When it comes to Avett Brothers fandom, I'm strictly a newbie. Less than a year ago, I'd never heard of them. A friend at work recommended them as someone I might like, so I checked out a few tunes on YouTube, and liked what I heard. Bought their 2009 album, "I And Love And You," and thought it was great - ranked it #2 on my list of 2009 favorites. Recently bought an older EP, "The Gleam II," but barely had a chance to listen to it, caught in the midst of my Drive-By Truckers obsession.
Heading into last night's show, I was expecting to be entertained, but I'm not sure I expected to be blown away like I was. It was an amazing show from start to finish - one filled with humor, energy, passion, and great music. And it wasn't as if we were familiar with the songs - only 5 of the 19 they played were from the new album, but it was obvious that most of the crowd knew them all.
And who knew that Sacramento, California was such a hotbed of Avett mania? Sure, we're only talking about a theater that probably holds less than 2000 people. On the same night, The Eagles played at Arco Arena, in front of what was probably close to 17,000 patrons. I'm sure it was a great show, but I'm just as sure (and mind you, I am an Eagles fan) that Glenn Frey and Don Henley never had as much energy on their best days in the 1970s as the Avetts do today. As it turns out, the Avetts do have a Sacramento connection (an uncle), and one of the highlights of the show was an anecdote about a show many years ago in Fair Oaks (for those of you unfamiliar with the Sacramento region, Fair Oaks is a suburb of the capital city, and just happens to be where I spent my formative years) where there were more chickens in the audience than there were paying customers. Now, that may only make sense to someone who's been to Fair Oaks, but it was an example of the bond that the band had with its audience.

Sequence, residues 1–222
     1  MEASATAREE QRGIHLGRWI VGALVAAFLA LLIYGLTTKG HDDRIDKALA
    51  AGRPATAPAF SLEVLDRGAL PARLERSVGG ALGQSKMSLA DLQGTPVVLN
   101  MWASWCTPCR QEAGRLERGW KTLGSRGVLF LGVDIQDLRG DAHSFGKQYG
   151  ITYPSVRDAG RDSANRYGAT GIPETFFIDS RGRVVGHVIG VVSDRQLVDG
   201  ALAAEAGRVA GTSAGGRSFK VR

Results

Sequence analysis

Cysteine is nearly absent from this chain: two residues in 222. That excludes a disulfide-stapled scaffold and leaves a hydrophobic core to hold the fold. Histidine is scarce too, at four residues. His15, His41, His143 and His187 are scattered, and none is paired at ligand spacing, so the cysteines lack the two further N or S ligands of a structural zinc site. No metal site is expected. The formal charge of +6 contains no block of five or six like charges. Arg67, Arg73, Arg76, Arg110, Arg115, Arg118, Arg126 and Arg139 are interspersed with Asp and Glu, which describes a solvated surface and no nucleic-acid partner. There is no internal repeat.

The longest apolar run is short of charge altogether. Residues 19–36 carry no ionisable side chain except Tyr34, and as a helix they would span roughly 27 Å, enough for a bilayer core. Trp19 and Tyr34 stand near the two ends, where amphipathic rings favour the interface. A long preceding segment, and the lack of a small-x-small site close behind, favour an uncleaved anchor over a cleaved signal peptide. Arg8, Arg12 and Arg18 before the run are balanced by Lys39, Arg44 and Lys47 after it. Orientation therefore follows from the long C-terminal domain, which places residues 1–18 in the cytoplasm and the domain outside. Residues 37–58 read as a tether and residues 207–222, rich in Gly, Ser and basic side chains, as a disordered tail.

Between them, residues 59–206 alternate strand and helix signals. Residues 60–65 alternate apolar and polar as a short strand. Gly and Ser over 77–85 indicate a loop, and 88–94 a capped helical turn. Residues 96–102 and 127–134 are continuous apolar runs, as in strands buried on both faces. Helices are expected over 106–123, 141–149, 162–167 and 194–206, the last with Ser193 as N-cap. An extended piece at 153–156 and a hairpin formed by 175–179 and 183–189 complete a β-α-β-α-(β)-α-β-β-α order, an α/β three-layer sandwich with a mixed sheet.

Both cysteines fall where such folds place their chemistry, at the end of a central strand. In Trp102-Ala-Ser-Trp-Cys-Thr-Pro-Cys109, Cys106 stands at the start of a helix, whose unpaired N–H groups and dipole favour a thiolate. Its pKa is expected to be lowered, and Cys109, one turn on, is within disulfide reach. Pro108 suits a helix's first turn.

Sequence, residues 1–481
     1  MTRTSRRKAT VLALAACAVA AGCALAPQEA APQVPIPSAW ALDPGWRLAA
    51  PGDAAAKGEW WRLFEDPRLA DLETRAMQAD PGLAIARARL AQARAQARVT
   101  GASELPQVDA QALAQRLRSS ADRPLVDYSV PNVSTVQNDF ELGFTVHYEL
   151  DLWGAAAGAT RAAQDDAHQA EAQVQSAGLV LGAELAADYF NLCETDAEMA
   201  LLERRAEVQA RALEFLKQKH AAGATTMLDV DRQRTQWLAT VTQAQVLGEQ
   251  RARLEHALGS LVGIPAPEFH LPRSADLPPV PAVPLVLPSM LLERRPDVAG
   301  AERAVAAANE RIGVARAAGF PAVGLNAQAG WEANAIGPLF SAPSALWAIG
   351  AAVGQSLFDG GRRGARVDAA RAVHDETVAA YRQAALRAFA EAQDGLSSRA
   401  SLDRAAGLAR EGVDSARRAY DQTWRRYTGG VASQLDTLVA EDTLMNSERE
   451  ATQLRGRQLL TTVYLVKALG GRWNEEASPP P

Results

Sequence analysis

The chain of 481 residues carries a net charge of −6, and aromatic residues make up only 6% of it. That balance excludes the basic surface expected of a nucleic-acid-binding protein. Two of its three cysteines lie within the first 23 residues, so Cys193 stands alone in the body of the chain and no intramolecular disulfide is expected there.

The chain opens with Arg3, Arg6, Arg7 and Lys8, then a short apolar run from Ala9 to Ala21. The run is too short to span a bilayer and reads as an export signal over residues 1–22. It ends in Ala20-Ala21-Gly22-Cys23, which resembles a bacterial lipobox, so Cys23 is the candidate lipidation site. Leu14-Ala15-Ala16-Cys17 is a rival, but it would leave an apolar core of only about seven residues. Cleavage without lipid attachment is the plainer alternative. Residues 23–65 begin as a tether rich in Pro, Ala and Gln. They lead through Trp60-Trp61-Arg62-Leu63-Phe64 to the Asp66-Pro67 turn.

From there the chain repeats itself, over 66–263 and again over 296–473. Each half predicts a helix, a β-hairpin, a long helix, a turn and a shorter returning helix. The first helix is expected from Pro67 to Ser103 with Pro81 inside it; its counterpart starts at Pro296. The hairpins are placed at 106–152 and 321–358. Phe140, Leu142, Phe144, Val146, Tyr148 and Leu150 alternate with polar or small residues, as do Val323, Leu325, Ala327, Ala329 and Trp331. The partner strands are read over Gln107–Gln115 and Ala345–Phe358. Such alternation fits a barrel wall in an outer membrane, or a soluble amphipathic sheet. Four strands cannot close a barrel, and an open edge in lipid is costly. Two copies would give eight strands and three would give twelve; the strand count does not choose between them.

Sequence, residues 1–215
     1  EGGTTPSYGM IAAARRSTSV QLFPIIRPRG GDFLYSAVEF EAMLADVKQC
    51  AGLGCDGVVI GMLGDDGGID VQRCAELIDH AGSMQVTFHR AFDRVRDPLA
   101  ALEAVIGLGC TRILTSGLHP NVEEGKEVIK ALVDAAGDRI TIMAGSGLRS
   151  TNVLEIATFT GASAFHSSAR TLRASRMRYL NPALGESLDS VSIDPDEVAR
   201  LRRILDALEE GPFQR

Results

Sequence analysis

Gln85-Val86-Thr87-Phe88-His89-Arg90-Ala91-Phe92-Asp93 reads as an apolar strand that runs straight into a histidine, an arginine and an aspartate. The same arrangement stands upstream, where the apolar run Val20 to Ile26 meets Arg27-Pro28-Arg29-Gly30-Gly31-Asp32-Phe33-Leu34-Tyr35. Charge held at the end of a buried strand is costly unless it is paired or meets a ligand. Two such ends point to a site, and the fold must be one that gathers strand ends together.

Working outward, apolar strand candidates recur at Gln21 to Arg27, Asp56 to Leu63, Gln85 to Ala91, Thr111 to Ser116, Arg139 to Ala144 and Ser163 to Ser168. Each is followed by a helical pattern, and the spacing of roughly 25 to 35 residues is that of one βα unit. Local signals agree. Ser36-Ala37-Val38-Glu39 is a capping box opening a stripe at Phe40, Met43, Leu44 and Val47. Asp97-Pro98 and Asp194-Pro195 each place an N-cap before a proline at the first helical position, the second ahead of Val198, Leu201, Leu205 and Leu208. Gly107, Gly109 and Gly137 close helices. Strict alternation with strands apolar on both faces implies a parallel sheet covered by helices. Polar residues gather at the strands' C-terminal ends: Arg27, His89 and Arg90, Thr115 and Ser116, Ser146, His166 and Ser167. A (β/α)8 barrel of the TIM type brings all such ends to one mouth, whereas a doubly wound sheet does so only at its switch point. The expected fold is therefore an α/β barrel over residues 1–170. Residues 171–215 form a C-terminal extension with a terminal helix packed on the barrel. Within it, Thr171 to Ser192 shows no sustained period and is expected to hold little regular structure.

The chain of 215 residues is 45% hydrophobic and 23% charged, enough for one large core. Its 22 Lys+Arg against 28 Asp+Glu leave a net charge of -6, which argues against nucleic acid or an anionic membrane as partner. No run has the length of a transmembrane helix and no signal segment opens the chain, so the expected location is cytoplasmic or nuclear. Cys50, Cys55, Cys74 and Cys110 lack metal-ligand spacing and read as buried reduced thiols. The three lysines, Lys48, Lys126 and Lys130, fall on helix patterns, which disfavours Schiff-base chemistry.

It's fair to say that nothing on "I And Love And You," good as it was, prepared me for the energy demonstrated by the brothers and their band in concert. There's plenty of live clips on YouTube to check out if one so desires (including quite a few of last night's show, just enter "Avett Brothers Sacramento" in the search bar), but even having seen Springsteen as often as I have, I'm not sure I've ever seen performers maintain a sustained energy level for as long as the Avetts did last night.
I'm lucky to have seen two shows as great as DBT and the Avetts in the past month, and they both reminded me of the importance that music holds in my life. I don't play an instrument, though I suppose it's never to late to try, but my music collection is huge (probably vast by the standards of most normal people), and put simply, I can't imagine a life without music. On a day when things look their darkest, the redeeming power of a musical artist like The Avett Brothers is a wonderful thing. Sitting there last night, listening to the sincerity and the humor that are such key components in the songs of the Avetts, seeing the bond they have with their audience, and seeing the passion that their audience has for their work...well, for those moments, everything was right with the world.
A joyful noise is probably the best way to put it - beautiful vocals (even when almost screaming, they were able to maintain perfect harmony, conjuring up visions of the Everly Brothers), a bass that thundered so loud it shook the very core of your being, a banjo that, even when slightly out of tune (and, as was noted, it is damn near impossible to keep a banjo in tune, especially the way that Scott Avett plays it), terrific acoustic guitar, and even a cello, which is not something you normally hear in a band, unless it's playing in tuxedos.
Great stuff. Hope they come around again someday.